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Evidence is Only Spoiled if Done with Spoilable Mindset

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There is always a risk of evidence being spoliated in a case. Things can be unwittingly misplaced in the least severe case or intentionally destroyed in the most severe. However, just because the evidence was lost or destroyed does not always mean that the spoliating party is liable for sanctions. While a court does have generally wide discretion to award sanctions, in order to warrant it, a party must show: (1) that the evidence sought was key to that party’s claim/defense; (2) was in possession of the allegedly offending party; (3) that the offending party had an obligation to preserve it at the time of spoliation; and (4) that the offending party had the requisite state of mind, which includes ordinary negligence. Generally, if the offending party does not have knowledge of a pending or to-be-filed litigation and gets rid of the evidence pursuant to their standard business practices, such as auto-deleting surveillance video after 30 days or shredding papers after the requisite number of years it had to be held, then they will not be sanctioned.

 

This was the case in DeVeerdonk v. North Westchester Restorative Therapy and Nursing Center. The decedent was a patient at a nursing and therapy center where she suffered two falls. The first fall was caught on camera in November 2013, but automatically overwritten two weeks later. Plaintiff was discharged to her home in 2014 and died in 2015. The lawsuit in this case was not filed until November 2016, almost exactly three years later. The Plaintiff sought sanctions from the nursing home for this, but the Court denied them, finding that at the time the footage was automatically deleted, the nursing home lacked the requisite notice to preserve the footage to warrant awarding Plaintiff sanctions. The Second Department agreed with the trial court and upheld the denial.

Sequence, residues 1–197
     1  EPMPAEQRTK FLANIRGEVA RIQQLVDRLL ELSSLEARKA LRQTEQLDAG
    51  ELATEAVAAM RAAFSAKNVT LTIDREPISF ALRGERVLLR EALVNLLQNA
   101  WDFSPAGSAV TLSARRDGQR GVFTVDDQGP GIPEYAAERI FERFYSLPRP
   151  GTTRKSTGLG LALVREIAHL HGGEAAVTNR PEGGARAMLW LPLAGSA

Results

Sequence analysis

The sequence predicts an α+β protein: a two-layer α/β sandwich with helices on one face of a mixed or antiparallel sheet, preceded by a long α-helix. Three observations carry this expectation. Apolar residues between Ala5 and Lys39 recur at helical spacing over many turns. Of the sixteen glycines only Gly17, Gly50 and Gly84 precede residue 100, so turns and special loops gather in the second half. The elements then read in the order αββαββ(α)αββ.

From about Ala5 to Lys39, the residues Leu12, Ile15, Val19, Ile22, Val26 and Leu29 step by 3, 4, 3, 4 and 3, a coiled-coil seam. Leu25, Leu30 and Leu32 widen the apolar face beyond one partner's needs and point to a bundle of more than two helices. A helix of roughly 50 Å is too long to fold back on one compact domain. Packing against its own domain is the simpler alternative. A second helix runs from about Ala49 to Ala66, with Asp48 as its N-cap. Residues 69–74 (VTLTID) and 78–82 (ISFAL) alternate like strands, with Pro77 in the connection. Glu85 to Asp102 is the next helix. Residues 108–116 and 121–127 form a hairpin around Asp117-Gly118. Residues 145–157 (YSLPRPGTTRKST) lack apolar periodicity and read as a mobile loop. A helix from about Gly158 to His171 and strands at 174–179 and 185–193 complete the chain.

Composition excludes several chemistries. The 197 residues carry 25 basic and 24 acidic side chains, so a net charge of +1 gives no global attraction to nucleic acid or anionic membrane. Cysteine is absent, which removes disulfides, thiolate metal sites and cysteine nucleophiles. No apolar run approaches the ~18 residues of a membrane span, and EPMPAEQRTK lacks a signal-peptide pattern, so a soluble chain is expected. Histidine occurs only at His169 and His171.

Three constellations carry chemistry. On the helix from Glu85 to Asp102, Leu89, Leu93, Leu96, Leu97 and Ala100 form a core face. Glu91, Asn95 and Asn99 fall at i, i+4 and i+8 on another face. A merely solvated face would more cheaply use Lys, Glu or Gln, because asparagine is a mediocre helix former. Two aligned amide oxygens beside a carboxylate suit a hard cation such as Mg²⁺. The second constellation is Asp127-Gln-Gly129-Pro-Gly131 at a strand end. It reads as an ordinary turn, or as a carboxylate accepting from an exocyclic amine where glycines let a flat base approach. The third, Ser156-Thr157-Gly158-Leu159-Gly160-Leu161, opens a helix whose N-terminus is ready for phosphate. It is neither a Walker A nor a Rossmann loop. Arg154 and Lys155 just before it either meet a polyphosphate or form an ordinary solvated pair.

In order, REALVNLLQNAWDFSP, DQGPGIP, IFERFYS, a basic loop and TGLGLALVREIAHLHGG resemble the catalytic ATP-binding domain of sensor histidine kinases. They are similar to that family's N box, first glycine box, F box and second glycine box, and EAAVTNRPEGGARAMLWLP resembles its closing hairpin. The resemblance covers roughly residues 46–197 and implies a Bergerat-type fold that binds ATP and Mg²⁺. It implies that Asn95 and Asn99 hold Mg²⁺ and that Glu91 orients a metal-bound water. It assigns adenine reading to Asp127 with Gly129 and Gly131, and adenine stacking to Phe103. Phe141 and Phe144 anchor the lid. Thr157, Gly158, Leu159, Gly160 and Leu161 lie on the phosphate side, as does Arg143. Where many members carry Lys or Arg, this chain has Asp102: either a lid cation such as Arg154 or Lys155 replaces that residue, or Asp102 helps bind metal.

In short, if you don’t have reason to think you’ll be getting sued anytime soon, you should be able to get rid of those old papers or property you no longer need.



DeVeerdonk v. North Westchester Restorative Therapy and Nursing Center
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